The Roar
The Roar


Context, monkeys and bananas: Why Slater should be cleared

Billy Slater will take the field on grand final day. It has been decided. (AAP Image/Julian Smith)
Roar Pro
23rd September, 2018

Despite the initial debate and controversy, most folk agree that banning the shoulder charge is sane.

The cost-benefit assessment is damning – a minor risk of head trauma outweighs all future YouTube highlights. And FYI – despite all the AC/DC and grainy slo-mos, I’m not going to subscribe to your “greatest hits” channel.

Now, before you shout me down, consider this – I agree that Billy Slater’s try-saver was, technically, a shoulder charge. And, as an engineer, I know only two kinds of correct – they’re called ‘technically’ and ‘not’.

Yep, I’ll admit it – by letter of the law, he didn’t use his arm. And, ergo facto, it was worthy of being cited. But here is where we differ.

People keep saying that you can’t change the rule based on circumstance. ‘Rules are rules’ I hear you say. And, while grammatically correct, this hardly makes sense. All rules are circumstantial.

I’ll posit there’s a fundamental difference between applying the strict lettering of a law and applying its intent. Let me explain by way of a famous experiment, and monkeys…

Five monkeys were put in a cage, plus a ladder, with five bananas at the top. Any time a monkey tried to climb the ladder, they’d all get doused with a hose. Pretty simple.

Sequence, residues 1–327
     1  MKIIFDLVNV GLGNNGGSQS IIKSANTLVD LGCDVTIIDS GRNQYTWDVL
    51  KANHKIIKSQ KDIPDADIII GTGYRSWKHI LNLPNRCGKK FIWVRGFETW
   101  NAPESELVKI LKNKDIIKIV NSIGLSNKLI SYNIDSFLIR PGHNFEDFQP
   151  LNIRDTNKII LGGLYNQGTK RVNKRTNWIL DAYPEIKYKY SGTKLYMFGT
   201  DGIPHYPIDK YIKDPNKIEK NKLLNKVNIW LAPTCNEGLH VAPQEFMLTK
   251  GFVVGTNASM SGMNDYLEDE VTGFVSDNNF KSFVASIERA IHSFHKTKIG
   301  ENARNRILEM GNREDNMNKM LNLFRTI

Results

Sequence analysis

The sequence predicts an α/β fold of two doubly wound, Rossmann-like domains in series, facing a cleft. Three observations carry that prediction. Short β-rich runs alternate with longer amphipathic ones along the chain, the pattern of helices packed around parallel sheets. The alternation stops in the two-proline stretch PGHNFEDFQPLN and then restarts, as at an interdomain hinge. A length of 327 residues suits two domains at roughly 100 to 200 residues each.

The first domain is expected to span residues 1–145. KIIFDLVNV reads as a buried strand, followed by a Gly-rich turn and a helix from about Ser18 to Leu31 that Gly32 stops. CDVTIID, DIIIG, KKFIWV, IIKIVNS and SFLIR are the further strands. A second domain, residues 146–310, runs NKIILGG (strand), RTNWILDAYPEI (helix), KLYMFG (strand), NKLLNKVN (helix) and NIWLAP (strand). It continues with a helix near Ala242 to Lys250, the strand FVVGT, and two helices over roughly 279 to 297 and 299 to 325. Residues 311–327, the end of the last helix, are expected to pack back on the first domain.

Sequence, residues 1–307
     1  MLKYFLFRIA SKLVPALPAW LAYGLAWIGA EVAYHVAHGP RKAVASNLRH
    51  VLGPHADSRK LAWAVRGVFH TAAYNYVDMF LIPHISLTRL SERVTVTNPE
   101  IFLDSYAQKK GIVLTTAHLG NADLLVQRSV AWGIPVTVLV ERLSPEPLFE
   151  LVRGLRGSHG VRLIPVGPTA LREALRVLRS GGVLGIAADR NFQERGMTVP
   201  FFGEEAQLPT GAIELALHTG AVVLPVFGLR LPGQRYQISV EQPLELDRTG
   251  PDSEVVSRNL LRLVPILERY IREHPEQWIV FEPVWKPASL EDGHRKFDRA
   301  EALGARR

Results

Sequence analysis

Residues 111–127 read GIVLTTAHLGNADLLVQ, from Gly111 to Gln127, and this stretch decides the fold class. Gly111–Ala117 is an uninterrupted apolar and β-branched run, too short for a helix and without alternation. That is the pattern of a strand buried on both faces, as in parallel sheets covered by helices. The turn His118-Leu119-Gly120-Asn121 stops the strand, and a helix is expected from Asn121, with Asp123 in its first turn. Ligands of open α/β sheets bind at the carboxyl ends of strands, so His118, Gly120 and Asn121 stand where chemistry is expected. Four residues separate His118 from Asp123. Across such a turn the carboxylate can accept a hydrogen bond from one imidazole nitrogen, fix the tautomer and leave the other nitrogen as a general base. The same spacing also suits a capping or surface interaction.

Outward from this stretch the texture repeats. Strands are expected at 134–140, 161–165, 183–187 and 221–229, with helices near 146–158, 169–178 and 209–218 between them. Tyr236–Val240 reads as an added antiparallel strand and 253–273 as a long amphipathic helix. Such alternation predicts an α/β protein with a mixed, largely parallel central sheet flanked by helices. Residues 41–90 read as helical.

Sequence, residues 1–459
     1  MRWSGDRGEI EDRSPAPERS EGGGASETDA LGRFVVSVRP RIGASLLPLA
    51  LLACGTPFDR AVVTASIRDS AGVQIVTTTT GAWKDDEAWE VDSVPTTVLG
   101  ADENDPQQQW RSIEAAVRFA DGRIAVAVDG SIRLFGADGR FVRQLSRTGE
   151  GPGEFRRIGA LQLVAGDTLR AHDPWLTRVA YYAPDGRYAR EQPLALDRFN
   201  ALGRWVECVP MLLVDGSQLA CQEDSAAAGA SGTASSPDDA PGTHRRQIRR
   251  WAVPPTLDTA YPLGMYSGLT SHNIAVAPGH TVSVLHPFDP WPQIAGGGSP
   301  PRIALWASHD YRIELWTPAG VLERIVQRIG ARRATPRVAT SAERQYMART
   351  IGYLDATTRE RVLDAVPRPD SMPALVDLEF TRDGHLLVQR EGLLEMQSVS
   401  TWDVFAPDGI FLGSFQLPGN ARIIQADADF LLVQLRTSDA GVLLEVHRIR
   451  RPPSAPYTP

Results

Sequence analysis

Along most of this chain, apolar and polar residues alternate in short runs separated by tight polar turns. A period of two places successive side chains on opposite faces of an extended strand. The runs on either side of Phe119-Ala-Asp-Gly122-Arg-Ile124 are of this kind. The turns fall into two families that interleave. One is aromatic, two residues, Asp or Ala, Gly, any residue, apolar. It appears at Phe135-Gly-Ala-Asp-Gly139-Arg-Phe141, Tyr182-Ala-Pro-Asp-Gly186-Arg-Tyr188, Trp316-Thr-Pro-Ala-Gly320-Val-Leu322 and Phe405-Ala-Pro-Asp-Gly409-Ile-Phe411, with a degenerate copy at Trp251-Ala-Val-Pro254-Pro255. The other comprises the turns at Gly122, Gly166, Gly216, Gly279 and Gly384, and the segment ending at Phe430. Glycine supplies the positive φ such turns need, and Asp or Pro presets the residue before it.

Before long the monkeys were self-policing – beating on anyone who even looked at the bananas. Then, one by one, each monkey was given a banana and immediately swapped out.

As predicted, as each new monkey went to climb the ladder, they were mercilessly beaten. No-one wanted the hose. After a while, the last of the original monkeys were gone, and so were the bananas.


However, the last new monkey still tried to climb the ladder, because, well, he’s still a monkey. And he still got roundly bashed.

My point? Well, it’s an allegory of how laws need to have context. With no bananas, there would be no hose. But the monkey still got beaten. And this is how we’re acting.

The Slater tackle isn’t an example of why the shoulder charge was banned. It wasn’t dangerous, it was a classic play. His citing is just a vagary of the need to write a rule. So why is it wrong for the game to acknowledge this?

I say strike down his citing – or risk beating him well after the bananas have gone…